Tonight is yet another GOP Presidential Debate. This one comes at a time when Donald Trump’s chief rival, Dr. Ben Carson, is coming under increased scrutiny on his life story. Many allege that the media’s treatment of Carson is unfair and due to bias, while others say that it’s all a part of the vetting process.
Whichever you believe, one thing is clear: the debates thus far have been quite revealing and highly entertaining, to say the least. However, that entertainment often comes at the cost of exploring the depths of the issues and what the candidates believe.
This was abundantly clear in the CNBC Debate, which was heavily criticized for its poor moderation, lame gotcha questions, and obsession with issues that, frankly, don’t matter. Social media (myself included) lacerated CNBC for their performance, and it seems the Republican National Committee wasn’t too pleased with their work either.
The debates prior to CNBC were better, but had their share of questionable moments as well, such as the infamous fight between Megyn Kelley and Donald Trump.
For the next debate, I would hope the moderators would provide an environment that fosters the following:
– Deep, intellectual discussion on policy prescriptions, instead of questions aimed at inciting fights between candidates or pushing personalities’ buttons.
– Questions which are cutting, but fair – not asking Jeb Bush about whether he’d kill baby Hitler or asking Donald Trump what he thinks about Ben Carson for the umpteenth time.
– Inclusion of all candidates. The moderators often ignore candidates like John Kasich or Rand Paul for extended periods of time, and as we saw in the CNBC Debate, even attempt to squelch their voice.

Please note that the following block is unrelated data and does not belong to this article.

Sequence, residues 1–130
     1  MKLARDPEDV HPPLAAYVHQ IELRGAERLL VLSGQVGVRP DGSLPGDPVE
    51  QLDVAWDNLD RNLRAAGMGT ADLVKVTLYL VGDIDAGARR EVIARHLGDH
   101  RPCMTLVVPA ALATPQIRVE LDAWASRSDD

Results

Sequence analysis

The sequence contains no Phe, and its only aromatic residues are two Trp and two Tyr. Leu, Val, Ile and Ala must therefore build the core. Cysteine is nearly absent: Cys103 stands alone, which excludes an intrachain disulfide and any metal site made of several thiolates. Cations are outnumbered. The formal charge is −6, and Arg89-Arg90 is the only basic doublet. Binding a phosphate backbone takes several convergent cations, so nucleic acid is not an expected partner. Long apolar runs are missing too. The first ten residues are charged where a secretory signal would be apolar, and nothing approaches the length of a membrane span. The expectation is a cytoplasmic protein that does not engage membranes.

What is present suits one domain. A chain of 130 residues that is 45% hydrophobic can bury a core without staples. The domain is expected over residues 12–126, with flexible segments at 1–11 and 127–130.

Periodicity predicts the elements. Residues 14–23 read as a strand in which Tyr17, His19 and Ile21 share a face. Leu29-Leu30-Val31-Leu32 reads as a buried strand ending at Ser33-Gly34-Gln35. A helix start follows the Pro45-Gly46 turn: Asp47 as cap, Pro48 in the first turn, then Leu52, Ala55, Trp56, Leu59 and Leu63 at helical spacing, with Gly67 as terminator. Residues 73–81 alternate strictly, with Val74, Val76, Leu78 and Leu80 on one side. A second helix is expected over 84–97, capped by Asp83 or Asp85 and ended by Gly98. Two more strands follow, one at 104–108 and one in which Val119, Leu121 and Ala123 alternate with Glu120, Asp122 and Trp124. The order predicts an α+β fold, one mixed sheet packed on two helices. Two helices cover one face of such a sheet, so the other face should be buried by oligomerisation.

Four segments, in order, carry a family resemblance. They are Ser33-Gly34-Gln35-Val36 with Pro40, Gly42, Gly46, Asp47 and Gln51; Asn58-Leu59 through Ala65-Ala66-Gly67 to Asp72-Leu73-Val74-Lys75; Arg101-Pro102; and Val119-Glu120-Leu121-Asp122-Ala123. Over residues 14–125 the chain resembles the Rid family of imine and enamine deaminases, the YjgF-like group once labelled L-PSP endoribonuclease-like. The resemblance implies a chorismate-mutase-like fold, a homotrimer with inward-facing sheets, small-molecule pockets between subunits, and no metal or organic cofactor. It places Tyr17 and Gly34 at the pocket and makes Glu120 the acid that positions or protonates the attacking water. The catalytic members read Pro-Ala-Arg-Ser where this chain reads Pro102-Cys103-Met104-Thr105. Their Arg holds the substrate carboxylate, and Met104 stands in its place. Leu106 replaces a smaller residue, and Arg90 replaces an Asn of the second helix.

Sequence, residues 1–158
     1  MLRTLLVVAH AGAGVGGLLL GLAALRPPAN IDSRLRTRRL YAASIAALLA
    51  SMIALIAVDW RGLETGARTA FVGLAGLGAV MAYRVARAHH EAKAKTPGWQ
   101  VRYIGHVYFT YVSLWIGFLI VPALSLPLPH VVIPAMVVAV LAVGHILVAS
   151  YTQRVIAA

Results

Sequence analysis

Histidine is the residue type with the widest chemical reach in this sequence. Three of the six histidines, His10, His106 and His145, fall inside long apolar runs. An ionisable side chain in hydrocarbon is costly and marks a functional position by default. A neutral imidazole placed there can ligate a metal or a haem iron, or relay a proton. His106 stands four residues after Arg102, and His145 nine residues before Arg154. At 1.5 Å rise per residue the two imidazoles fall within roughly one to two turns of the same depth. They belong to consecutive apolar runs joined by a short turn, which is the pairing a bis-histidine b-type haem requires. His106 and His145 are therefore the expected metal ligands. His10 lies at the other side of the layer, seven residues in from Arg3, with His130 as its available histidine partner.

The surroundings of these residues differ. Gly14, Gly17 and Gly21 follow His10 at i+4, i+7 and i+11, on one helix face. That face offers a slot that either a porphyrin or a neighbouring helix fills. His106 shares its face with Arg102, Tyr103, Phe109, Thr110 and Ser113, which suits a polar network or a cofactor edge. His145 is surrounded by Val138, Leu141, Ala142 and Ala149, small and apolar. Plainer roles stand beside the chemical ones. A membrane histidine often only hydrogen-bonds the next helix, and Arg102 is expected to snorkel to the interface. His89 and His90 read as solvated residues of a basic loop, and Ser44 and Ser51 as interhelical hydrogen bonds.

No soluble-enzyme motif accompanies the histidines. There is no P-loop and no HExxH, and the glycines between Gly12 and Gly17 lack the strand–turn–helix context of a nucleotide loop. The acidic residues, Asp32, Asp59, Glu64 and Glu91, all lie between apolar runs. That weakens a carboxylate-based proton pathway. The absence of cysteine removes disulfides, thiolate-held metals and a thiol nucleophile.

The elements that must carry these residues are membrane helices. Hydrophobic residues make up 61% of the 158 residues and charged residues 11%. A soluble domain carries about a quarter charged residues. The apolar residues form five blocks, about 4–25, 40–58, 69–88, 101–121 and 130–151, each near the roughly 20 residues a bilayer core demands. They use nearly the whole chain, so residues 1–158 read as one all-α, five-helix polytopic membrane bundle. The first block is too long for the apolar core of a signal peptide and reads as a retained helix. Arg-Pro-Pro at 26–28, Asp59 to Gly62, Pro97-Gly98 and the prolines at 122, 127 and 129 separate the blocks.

– A fun but rigorous atmosphere. I’m not suggesting that the candidates shouldn’t be themselves or loosen up a little bit from time to time. Debates provide just such a forum for the candidates’ personalities to shine. But today’s political culture and much of political “journalism” today is focused on things that are not of much importance. The media lives on diverting attention towards petty drama and are concerned with driving ratings higher, rather than bring the crucial issues to the forefront.
And finally, I’m hoping that the candidates will clarify a vision for America which involves less government and more freedom for the individual. It’s time for the voters to see the exact policies and ideas that the candidates will promote if they are elected, rather than be distracted by personalities or sideshows. The electorate needs to be informed as they consider who they will cast their vote for to be the next leader of the free world.
I’m planning on livetweeting the debate tonight, like I have with the previous Republican debates and the one official Democratic debate we’ve seen so far. You can follow along @EvanBuckCom.